Andrew McKay 04/16/20
During a conversation about the current functionality and future viability of remote instruction for Santa Rosa County students, Superintendent Tim Wyrosdick expressed optimism that the current experiment being conducted by necessity might be a springboard toward a permanent instructional option for at least some students. Wyrosdick says the current online-centered way of educating students has been a challenge to implement, and even now not all of them are learning on their own virtually. “To say that we are 100% virtual would be a misnomer.” He says we are moving in that direction, but it’s been more difficult than expected, both from a technological standpoint and in terms of just getting cell signals to residents in some parts of Santa Rosa County.
When asked how effective this way of delivering instruction is, Wyrosdick said it’s been a mixed experience. He says it’s been very productive at delivery of materials, but not very effective at delivering new ideas and concepts. Teachers are really not introducing new material, but are instead mostly amplifying already taught concepts or adding corollaries. “We are introducing very little new content.” Now, part of the reason for this is that the current system had to be instituted so quickly.
But even with the hiccups, could this be a way of educating children long term? The Superintendent was optimistic. “Virtual education is very doable,” he said. “It’s doable if you have a partnership with parents and students who understand that it is going to be different.” Moreover, he said that the shift to virtual had been happening even prior to the current crisis, with virtual school increasing roughly 50% this year already. As for a more permanent virtual learning environment, Wyrosdick says, “I think it’s a doable piece. It will take a lot of planning, Andrew. This is not something that we could jump into in the fall. I would say that if you really wanted to revamp your curriculum to make it K-12…you’re gonna need about a 6-8 month with implementation phase just to educate everyone to get it done. It might just be a pie-in-the-sky view but I don’t think it is. I think it’s an opportunity to revamp how we educate students, add some more flexibility for school districts.” But he cautions such a shift would require both legal and funding changes at the State level.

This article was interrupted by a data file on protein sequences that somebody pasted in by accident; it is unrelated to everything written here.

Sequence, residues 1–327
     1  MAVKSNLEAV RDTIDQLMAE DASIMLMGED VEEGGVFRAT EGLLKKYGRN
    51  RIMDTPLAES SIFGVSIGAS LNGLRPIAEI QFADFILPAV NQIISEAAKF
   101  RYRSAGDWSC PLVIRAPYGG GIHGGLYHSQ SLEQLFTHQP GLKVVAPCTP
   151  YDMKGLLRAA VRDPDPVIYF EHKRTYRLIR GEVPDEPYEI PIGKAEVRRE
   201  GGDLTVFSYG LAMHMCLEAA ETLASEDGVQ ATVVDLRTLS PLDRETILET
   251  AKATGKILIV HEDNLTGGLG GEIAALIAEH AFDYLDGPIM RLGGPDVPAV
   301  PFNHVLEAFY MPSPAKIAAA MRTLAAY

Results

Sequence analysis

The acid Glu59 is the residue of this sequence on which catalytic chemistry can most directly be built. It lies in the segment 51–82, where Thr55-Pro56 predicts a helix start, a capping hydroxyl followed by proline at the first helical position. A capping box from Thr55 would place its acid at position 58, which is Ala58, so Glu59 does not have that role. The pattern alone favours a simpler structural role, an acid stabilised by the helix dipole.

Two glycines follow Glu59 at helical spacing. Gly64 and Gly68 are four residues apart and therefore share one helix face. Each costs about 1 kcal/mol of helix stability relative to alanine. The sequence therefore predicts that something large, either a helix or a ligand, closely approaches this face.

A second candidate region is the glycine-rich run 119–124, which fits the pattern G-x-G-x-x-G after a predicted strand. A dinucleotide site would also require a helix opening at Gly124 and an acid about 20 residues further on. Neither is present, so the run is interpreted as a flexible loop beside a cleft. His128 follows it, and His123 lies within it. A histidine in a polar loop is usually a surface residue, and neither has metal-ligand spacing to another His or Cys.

Could a shift to more virtual learning be a solution for helping to alleviate classroom crowding? Wyrosdick says that even a 10% reduction in student population through virtual learning (roughly 3,000 students) would certainly relieve some of the some of the need for facilities.
However, Wyrosdick cautions that we don’t really yet know how effective this method is going to be at delivering high-quality educational outcomes. “The jury is still out on that,” he says.
Also, there are many students for whom this approach will not work whether because of parental practicality questions or because of special needs by the student or just questions of how poor children will receive the meals they get right now. But overall, he was open to the possibilities. “I am so in favor of let’s just taking a look at it (sic)….but it is for some people, and I think if we can amalgamate to the use of serving those students who are amiable and needing that type of online environment, why shouldn’t we?”